The whitewashed Westernization of Earth culture is just as prominent in Voyager and Enterprise as it is in TNG (many of the leading creative forces carried over to each of those series) but it’s not surprising that Deep Space Nine, the only Trek series with a black lead, is the only one to really acknowledge it. Captain Benjamin Sisko is one of the most developed characters in the Trek canon, and also one of the few characters of color with clear connections to their cultural roots. His family has lived in New Orleans, Louisiana for generations, where his father runs a Creole restaurant. Benjamin carries on this tradition in his own home aboard Deep Space 9. He’s also a collector of ancient African art.
In the episode “Badda-Bing, Badda-Bang,” Captain Sisko voices his disapproval of the crew’s obsession with a holosuite program set at Vic’s, a fictional casino lounge in Las Vegas in 1962, particularly when his girlfriend Kasidy Yates (who’s also black) gets involved in it.
SISKO: You want to know? You really want to know what my problem is? I’ll tell you. Las Vegas, 1962, that’s my problem. In 1962, black people weren’t very welcome there. Oh, sure, they could be performers or janitors, but customers? Never.
KASIDY: Maybe that’s the way it was in the real Vegas, but that is not the way it is at Vic’s. I have never felt uncomfortable there and neither has Jake.
SISKO: But don’t you see? That’s the lie. In 1962, the Civil Rights Movement was still in its infancy. It wasn’t an easy time for our people and I’m not going to pretend that it was.
This is the only instance of a human character in the Trek future referring to himself as a member of a particular race (with the exception of Native American characters, who, as mentioned above, are basically framed as space aliens), and it speaks volumes. It’s wonderful that humanity has moved past issues of race, but by effectively going back in time to a fantasy version of the past, they’re forced to either ignore or acknowledge what has changed. Kasidy speaks in defense of the fantasy:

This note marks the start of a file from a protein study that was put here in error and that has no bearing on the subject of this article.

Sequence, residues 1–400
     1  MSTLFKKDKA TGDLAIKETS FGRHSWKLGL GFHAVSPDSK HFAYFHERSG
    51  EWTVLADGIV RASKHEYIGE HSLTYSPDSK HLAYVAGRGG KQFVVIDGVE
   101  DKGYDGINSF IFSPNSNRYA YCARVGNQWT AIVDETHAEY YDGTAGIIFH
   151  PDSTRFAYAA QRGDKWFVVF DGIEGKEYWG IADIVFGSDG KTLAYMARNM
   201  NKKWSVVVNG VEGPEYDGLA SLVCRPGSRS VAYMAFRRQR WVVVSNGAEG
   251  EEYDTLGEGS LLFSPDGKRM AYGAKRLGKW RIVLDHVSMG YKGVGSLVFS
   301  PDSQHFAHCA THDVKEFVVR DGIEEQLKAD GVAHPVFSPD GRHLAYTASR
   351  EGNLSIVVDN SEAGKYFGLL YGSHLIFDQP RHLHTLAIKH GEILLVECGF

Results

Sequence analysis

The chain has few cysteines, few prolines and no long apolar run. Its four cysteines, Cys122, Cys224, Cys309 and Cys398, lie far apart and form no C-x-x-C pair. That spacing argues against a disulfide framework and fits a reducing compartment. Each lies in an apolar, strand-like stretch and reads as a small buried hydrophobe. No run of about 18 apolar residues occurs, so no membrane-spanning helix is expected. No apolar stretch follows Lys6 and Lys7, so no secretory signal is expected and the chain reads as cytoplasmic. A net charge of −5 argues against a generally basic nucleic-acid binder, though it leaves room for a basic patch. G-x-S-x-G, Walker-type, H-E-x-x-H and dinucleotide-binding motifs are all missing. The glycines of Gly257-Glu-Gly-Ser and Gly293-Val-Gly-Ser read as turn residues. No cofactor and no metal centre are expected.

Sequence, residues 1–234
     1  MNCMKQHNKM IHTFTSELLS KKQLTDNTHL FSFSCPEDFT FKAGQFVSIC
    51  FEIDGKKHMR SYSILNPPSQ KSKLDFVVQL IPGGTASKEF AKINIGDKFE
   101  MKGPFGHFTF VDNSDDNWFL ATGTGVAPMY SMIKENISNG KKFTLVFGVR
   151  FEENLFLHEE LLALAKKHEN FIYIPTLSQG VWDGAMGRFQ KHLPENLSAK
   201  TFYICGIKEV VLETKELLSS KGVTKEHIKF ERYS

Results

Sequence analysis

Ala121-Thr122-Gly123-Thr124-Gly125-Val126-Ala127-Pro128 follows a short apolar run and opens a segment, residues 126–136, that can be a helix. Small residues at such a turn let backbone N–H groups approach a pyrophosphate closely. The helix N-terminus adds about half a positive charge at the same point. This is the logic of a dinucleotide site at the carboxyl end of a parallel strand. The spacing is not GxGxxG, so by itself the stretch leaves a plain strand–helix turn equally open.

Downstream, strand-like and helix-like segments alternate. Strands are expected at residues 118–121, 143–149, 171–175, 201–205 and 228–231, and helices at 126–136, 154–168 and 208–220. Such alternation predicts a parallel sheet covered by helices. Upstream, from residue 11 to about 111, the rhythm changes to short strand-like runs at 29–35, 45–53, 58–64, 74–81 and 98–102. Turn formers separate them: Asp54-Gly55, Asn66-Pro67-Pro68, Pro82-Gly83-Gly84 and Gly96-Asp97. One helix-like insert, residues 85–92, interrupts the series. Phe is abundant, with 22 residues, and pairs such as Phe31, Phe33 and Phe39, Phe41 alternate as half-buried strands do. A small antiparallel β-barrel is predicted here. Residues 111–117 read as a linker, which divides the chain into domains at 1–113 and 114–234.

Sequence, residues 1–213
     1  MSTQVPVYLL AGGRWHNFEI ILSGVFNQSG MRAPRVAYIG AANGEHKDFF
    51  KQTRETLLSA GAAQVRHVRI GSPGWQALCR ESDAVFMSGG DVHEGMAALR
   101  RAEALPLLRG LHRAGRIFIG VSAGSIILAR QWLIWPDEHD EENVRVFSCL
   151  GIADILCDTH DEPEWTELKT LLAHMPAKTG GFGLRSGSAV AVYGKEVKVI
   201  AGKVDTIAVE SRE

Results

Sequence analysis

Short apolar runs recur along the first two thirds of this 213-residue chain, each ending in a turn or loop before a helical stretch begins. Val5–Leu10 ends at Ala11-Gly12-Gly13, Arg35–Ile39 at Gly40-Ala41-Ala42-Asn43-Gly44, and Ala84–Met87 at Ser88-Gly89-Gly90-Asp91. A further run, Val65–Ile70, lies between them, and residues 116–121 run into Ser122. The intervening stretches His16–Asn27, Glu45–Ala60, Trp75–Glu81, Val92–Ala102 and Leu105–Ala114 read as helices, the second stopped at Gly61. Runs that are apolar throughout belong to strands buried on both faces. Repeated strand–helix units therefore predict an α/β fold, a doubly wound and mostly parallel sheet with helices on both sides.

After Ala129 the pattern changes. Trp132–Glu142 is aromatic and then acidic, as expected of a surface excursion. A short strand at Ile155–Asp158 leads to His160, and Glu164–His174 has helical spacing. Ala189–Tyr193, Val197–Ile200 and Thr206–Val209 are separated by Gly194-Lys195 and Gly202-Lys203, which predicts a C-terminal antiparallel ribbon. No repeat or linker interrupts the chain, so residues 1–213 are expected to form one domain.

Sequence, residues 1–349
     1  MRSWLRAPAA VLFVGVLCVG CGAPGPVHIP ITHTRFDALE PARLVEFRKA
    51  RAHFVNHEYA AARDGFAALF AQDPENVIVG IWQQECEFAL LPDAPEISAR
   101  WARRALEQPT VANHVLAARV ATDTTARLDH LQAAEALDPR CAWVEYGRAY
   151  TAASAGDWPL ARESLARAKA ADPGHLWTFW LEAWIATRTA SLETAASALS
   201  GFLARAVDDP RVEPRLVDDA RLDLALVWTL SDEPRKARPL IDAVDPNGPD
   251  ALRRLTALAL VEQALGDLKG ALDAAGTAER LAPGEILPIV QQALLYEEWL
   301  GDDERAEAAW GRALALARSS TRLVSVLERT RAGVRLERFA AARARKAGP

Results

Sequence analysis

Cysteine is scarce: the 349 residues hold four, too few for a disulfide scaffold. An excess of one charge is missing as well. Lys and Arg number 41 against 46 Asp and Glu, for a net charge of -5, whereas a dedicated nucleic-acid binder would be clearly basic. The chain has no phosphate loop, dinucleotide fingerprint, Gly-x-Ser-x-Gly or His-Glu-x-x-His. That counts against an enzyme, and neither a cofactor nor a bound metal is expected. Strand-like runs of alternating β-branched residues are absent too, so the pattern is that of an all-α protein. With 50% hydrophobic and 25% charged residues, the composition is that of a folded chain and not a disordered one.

KASIDY: Baby, I know that Vic’s isn’t a totally accurate representation of the way things were, but it isn’t meant to be. It shows us the way things could have been. The way they should’ve been.
SISKO: We cannot ignore the truth about the past.
KASIDY: Going to Vic’s isn’t going to make us forget who we are or where we came from. What it does is it reminds us that we’re no longer bound by any limitations, except the ones we impose on ourselves.
They both make good points, but Kasidy’s argument is more modern to the world of the show. Holoprograms are escapist entertainment, and it would be pretty abhorrent if someone made a video game that only people with certain skin colors could play and enjoy. It’s also important to note that nearly all holonovels throughout the franchise are programmed to treat the players as if they belong in the environment of the story, even if it’s a Sherlock Holmes program and the roles of Holmes and Dr. Watson are being played by an impossibly pale android and a black man wearing a cheese grater on his face, respectively. Julian Bashir’s James Bond-inspired program doesn’t notice or care that Player Two is Garak, a Cardassian. They’re supposed to be universally inclusive because that’s what makes them fun.
The same, it seems, could be said for Star Trek. While it may be unwittingly narrow in its vision of a united Earth culture, it’s still intended to be inclusive and user-friendly. Star Trek is a world where race doesn’t matter and anyone can play. The result doesn’t always match the intent, but if you’re willing to acknowledge–not necessarily accept, but acknowledge and maybe even forgive–the problematic elements of that world, you can find comfort there, and an ideal that, with fine-tuning and a wider cultural lens, is worth aspiring to: a world where people are just people and prejudice is a thing of the past.
That is, as long as you’re human. But what if you’re an alien? And hey, what about the gender imbalance, or the complete lack of gay characters? Looks like we’re gonna be at this for a while, people. See you next time.
Infinite Diversity will return in two weeks! Follow @DeadshirtDotNet on Twitter to keep up with what’s new here on Deadshirt, and feel free to tweet @DylanRoth with suggestions for future topics for Infinite Diversity, or just to talk about Trek. He truly never gets tired of that.